Spam Filtering

To enable spam filtering, follow these steps:

  1. Create a ‘spam’ folder. 
    One way to do this is to go to, log in with your Andrew ID and password, click ‘Folders’, create a folder called ‘spam’ as a subfolder of ‘INBOX’ and click Create.
  2. Enable spam filtering.
    Visit the page  On the left under ‘E-mail Options’ click ‘Mail Filtering and Vacation’.  Check the ‘Enable Spam Filtering’ box and click the ‘Save’ button further down the page.

Potential spam will now be re-routed to your INBOX.spam folder.  You’ll still need to periodically check this folder for legitimate email that was accidentally marked as spam, and delete the other messages to keep them from filling your quota.  The spam filter doesn’t catch all spam, but catches most.


Technical details on Carnegie Mellon’s spam filtering


Carnegie Mellon runs a commercial spam filter called ‘Spam Assassin’.  This filter uses a variety of heuristics to determine the likelihood that a message is spam, and marks likely spam with the extra header ‘X-Spam-Warning’.  When you enable spam filtering, a Sieve scrip is created that looks for that header and re-routes such messages to INBOX.spam.  Sieve is a scripting language that runs on the mail server itself and processes messages as they arrive at the mail server, as opposed to a ‘client-side’ script solution that runs only when you check mail.  For additional information on Sieve scripting, see this general link from Cyrusoft or the actual RFC specification.


You can use the MyAndrew web site to edit the sieve script directly to, for example, delete spam outright (rather than file it into a folder) or introduce additional layers of filtering.  Sieve can also generate automatic replies for when you’re on vacation.  In my personal script I have a ‘whitelist’ of addresses that go to my INBOX, a ‘blacklist’ (spam) that gets deleted automatically, and a ‘greylist’ of everything else that goes to a folder INBOX.Greylist.  This keeps my INBOX very clean, and I then check INBOX.Greylist daily for extra legitimate items.


Below is a template version of the script Drew used.  Do not copy this script directly- make the appropriate changes for your account, and only attempt this if you’re familiar with script writing.  I don’t provide support for writing scripts- this one is only provided as an example for those interested in pursuing script writing on their own.




require ["fileinto","vacation"];


# <- this symbol is for a single line comment


# the ‘require’ line has to be the first line, and tells the server which

# scripting modules are being used.


# scripts ignore whitespace, so you can insert blank lines for readability

# wherever you want.


/* <- this begins a comment region.  Delete both ends to activate vacation script

# This section generates the auto-replies that are sent when I’m on vacation:

if header :contains "from" "" {vacation

   :addresses ["","",""]




(this is an automated reply sent to any email from a * address)


I'm out of the office until Monday 5/2.  In the case of a computing emergency please contact Ken Pesanka (, x84535).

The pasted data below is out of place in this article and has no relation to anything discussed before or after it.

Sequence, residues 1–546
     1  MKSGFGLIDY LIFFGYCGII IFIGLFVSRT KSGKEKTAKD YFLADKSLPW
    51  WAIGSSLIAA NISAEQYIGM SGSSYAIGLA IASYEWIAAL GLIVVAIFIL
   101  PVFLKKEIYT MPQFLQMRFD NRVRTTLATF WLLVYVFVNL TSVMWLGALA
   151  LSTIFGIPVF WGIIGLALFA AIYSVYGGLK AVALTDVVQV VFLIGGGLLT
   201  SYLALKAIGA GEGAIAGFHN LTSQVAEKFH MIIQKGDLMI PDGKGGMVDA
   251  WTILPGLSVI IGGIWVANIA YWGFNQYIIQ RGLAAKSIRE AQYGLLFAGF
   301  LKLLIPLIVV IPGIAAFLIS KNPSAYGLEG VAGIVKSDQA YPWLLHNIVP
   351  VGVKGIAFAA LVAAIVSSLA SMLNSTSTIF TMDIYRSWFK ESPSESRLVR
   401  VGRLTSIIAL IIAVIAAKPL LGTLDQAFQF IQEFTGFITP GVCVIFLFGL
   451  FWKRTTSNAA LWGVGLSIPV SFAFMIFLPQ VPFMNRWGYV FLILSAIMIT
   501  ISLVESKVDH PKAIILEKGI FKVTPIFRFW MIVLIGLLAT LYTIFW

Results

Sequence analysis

# ^- the above line marks the end of the comment region.  Delete both ends

# to uncomment the region.



# When I BCC myself, the below section automatically puts it in a BCC folder.

# Mulberry and other programs can file BCCs into a folder for you, but I do it

# server-side via this script so that the BCCs get filed regardless of which

# mail program I’m using (Mulberry, Outlook, webmail.andrew, etc.) and without

# having to configure each program separately.


if header :contains "from" "ap2a" {

  fileinto "INBOX.BCCs";





# The below is part of my ‘white list’ to go directly to my INBOX

# It searches the whole ‘From’ header and can thus contain a name, a domain,

# or a specific address.


if header :contains "from" [


        "", "",

        "", "",

        ] {

  fileinto "INBOX";




# The below is part of my ‘black list’ to be deleted automatically as it

# comes in using the ‘discard’ command.  There’s no way to recover discarded

# messages, so be careful with your search clause if you use discard.


if header :contains "from" ["Cron Daemon", "root@chem", "root@afs", "root@kerberos", ""] {





# This is way to do white lists specifically by email domain.

# For me, all mail from a domain goes to my Inbox, even if

# its marked as spam, since the script works sequentially and this

# part of the script appears before the check for the ‘X-spam-warning’ header.


if address :domain :contains "from" ["", ""] {

  fileinto "INBOX";




# Here I have some domain-specific blacklists.


if address :domain :contains "From" ["","","","","","","","","","", ""] {





# Here is the part that checks for the header added by Spam Assassin.

# The MyAndrew default is to file spam into an INBOX.spam folder. 

# Instead, I’ve set this to discard, but kept the original fileinto

# command in a comment so I can more easily turn spam filing back on

# in case I suspect a legitimate email is inappropriately getting

# marked as spam and thrown away.


if exists "X-Spam-Warning" {



  fileinto "INBOX.spam";





# Since all the ‘if’ statements above had a ‘stop’ in them to terminate

# the script if any ‘if’ was true, then once the script gets here we

# know that none of the above ‘if’s applied, so its not whitelist, blacklist,

# or known spam, so I put it in the greylist folder where I can check it

# without it cluttering the regular Inbox.


fileinto "INBOX._GreyList";